## Contrasting applications of logic in natural language syntactic description (2005)

Venue: | Logic, Methodology and Philosophy of Science: Proceedings of the Twelfth International Congress |

Citations: | 10 - 1 self |

### BibTeX

@INPROCEEDINGS{Pullum05contrastingapplications,

author = {Geoffrey K. Pullum and Barbara C. Scholz},

title = {Contrasting applications of logic in natural language syntactic description},

booktitle = {Logic, Methodology and Philosophy of Science: Proceedings of the Twelfth International Congress},

year = {2005},

pages = {481--503},

publisher = {King’s College Publications}

}

### OpenURL

### Abstract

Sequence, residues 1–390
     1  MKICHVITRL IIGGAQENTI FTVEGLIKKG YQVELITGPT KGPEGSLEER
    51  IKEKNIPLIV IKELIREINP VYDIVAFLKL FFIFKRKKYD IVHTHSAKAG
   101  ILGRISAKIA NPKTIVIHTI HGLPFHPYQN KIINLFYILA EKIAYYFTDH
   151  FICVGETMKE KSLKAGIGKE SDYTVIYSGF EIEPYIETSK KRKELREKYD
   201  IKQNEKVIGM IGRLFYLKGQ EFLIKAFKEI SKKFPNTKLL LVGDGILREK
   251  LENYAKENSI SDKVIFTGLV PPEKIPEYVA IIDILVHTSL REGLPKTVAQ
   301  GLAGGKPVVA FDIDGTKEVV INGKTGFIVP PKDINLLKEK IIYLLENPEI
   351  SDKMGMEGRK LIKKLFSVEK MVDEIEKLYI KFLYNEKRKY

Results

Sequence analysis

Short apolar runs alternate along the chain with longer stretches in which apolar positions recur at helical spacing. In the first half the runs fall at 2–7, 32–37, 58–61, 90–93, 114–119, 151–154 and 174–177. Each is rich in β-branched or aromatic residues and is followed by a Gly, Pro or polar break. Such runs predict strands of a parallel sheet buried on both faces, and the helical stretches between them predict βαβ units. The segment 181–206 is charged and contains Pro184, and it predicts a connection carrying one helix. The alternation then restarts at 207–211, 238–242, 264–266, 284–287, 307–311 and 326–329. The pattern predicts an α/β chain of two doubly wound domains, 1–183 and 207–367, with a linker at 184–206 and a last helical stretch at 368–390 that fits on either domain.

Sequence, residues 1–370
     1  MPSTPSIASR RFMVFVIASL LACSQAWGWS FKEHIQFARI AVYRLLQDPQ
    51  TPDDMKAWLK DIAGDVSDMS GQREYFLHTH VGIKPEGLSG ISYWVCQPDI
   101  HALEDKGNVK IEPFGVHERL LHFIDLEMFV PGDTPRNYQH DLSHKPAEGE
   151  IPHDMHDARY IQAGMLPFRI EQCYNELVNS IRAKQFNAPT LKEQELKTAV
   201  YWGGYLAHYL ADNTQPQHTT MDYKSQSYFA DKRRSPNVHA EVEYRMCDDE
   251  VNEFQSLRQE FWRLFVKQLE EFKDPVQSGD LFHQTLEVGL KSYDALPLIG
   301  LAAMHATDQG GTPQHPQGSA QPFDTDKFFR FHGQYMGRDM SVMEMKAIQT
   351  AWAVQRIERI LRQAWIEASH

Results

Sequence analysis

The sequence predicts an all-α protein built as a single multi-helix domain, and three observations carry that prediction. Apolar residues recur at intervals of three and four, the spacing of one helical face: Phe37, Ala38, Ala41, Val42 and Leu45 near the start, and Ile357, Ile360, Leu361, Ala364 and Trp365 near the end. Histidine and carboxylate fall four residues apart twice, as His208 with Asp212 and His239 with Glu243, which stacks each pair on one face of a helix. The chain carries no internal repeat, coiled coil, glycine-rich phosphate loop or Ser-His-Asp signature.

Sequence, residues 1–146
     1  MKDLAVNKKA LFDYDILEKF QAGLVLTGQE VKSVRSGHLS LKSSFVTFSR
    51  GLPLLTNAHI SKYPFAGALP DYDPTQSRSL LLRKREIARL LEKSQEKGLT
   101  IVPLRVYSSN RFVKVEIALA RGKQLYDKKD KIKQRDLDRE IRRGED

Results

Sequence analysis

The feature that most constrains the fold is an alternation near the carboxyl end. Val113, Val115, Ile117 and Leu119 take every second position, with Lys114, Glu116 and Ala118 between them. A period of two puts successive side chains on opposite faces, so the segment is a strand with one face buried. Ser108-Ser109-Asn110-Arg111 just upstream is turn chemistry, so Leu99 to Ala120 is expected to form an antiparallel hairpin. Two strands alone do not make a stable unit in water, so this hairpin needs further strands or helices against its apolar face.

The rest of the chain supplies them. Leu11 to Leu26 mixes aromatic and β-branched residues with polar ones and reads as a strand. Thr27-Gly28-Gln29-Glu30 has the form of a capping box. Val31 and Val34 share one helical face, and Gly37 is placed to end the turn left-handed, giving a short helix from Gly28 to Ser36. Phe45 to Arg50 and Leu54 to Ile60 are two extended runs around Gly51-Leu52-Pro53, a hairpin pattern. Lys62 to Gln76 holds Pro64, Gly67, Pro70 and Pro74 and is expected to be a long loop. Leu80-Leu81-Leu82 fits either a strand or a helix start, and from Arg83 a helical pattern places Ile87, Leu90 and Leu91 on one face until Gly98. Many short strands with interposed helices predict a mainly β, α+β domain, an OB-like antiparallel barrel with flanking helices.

Abstract. Formal syntax has hitherto worked mostly with theoretical frameworks that take grammars to be generative, in Emil Post’s sense: they provide recursive enumerations of sets. This work has its origins in Post’s formalization of proof theory. There is an alternative, with roots in the semantic side of logic: model-theoretic syntax (MTS). MTS takes grammars to be sets of statements of which (algebraically idealized) well-formed expressions are models. We clarify the difference between the two kinds of framework and review their separate histories, and then argue that the generative perspective has misled linguists concerning the properties of natural languages. We select two elementary facts about natural language phenomena for discussion: the gradient character of the property of being ungrammatical and the open nature of natural language lexicons. We claim that the MTS perspective on syntactic structure does much better on representing the facts in these two domains. We also examine the arguments linguists give for the infinitude of the class of all expressions in a natural language. These arguments turn out on examination to be either unsound or lacking in empirical content. We claim that infinitude is an unsupportable claim that is also unimportant. What is actually needed is a way of representing the structure of expressions in a natural language without assigning any importance to the notion of a unique set with definite cardinality that contains all and only the expressions in the language. MTS provides that.

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